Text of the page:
3. Use an air compressor to blow out the water from the lines.
***Be sure to use no more than 30-40 pounds of pressure and use a pressure regulator. This will prevent any damage to the water system.***

Attach the pressure regulator to your hookup and temporarily place air to expel any water in the water heater.
Release air pressure.
Now you want to bypass the water heater. ***Check your owners manual for the correct valves.*** Close the cold inlet and hot inlet. Then open the bypass that will allow the air pressure and water to bypass the tank.
No you can blow the rest of the system out without loosing air through the water heater outlet.
Re-apply air pressure on the regulator to pressurize the water system.
Start blowing in the following order:
Kitchen sink. Cold first then Hot.

Bathroom. Cold first then Hot.

Toilet. You only need a little bit of pressure, just hold down until the air passes

Outside shower: Cold first the Hot.

Also, any other locations in your rv that connect to the water system, blow the water out.

Remove air pressure and regulator.
4. Water Pump.
**Refer to owners manual for the location of your water pump**

Remove the inlet hose from the water pump.
Remove the line and attach your extra hose.
Place the opposite end of the hose into a full container of RV/Antifreeze.
Turn on the water pump switch.
5. Flow Antifreeze through the water system in the following order:
***Remember to do the Cold first until you see a flow of antifreeze then and the Hot second until you see a flow of antifreeze***

Faucet (Cold then Hot)
Vanity sink (Cold then Hot)
Toilet (Cold then Hot)
Outside Shower (Cold then Hot)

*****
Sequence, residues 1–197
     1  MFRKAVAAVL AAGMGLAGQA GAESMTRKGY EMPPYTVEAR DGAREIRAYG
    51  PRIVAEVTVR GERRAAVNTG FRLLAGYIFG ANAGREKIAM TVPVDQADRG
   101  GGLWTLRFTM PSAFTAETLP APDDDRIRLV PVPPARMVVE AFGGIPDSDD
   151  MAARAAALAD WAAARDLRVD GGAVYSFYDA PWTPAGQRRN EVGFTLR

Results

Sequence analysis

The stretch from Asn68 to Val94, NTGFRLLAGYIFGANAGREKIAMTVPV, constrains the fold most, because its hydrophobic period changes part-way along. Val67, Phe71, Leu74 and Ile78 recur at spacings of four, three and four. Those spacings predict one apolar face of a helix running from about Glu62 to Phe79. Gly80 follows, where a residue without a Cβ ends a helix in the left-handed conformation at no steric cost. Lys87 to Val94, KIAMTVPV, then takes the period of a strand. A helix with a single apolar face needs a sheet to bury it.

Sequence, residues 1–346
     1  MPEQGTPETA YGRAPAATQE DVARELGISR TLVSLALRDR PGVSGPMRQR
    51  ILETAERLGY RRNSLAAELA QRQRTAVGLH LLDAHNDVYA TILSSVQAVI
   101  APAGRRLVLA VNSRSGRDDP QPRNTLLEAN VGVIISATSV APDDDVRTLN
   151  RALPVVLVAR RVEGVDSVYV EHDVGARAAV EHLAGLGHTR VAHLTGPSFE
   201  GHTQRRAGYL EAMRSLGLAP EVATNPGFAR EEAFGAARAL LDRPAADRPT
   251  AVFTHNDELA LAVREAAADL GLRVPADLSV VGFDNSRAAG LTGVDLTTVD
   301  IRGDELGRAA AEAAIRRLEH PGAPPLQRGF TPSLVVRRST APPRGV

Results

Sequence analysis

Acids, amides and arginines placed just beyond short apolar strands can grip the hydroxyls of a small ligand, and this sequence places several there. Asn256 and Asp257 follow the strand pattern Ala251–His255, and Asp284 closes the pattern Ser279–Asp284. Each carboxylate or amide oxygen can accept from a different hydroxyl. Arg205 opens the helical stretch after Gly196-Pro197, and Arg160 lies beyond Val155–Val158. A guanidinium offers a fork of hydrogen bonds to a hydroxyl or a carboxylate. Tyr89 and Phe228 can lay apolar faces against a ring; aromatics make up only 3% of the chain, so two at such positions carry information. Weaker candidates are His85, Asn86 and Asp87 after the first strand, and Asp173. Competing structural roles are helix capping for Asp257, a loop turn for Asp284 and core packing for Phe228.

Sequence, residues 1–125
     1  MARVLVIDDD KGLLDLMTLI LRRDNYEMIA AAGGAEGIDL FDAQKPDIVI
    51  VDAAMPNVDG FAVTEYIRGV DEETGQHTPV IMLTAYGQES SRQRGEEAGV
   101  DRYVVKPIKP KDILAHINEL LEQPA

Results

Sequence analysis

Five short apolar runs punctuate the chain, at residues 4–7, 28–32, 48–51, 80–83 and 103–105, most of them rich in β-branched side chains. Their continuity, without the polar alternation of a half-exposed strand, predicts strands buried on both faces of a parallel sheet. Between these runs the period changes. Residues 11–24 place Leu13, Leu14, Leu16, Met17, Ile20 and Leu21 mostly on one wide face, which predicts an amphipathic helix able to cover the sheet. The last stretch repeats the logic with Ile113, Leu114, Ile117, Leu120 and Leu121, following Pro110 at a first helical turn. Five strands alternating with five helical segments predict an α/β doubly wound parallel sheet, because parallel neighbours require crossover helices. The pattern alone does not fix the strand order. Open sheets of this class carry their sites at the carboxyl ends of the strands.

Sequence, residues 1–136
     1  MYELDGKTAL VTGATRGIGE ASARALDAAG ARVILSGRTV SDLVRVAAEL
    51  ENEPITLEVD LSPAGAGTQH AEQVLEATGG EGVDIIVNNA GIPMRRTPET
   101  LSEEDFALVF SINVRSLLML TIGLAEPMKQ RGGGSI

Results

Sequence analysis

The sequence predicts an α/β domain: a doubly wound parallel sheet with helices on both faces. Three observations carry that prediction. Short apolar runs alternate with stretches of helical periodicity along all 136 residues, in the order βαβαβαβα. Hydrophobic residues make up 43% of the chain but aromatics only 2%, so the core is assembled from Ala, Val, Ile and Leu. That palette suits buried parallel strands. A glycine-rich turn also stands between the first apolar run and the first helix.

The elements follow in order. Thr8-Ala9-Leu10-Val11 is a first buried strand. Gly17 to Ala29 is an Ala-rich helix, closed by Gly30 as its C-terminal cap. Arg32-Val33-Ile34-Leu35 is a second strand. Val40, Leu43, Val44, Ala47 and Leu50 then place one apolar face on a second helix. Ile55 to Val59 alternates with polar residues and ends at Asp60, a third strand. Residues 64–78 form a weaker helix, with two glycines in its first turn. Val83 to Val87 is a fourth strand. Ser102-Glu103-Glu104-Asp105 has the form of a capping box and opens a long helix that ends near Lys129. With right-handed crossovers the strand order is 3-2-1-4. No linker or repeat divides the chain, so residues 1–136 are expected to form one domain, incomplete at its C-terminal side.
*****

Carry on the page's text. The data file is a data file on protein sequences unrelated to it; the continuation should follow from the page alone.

**Remember to let it run until you you see enough antifreeze flow through. This helps to protect your system.

6. Reinstall the water plug to the water heater.
***Be sure to use some form of sealant on the threading like teflon tape.***

Install the plug, the key here is to start installing the plug with your hand so that you can get a good feel that the threading has lined up properly. THIS WILL HELP TO AVOID THE POSSIBILITY OF CROSSTHREADING. Then tighten securely.
You class b rv’s water system is now protected.

7. Protect the Traps: One last step for that extra protection.

Pour Antifreeze through all of the drains and toilet. Be sure to leave a little antifreeze in the toilet.
**Tip: Leave the sink faucets open during the winter to prevent freezing**
Dump the holding tanks one more time since you have just blown water in the system along with some antifreeze. First open the black and then open the grey.
Finally, pour antifreeze through the sink.


Now you are all set for the Winter.


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We would love to hear from you. Comment below any of your suggestions on how you winterizie your RV. If we left something out, please share with us below. For best results, use a professional rv service to winterize your class b motorhome and ensure that it is done correctly and throughly.
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Old 11-20-2015, 01:20 AM   #9
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Why on earth would you put that disgusting-tasting antifreeze into your potable water system once you have blown out the water? I understand the concept of belt-and-suspenders, but a properly blown-out system is perfectly safe. Just pour a bit into the traps and pump some into your macerator via the gray tank and you will be fine.
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Old 11-20-2015, 06:31 AM   #10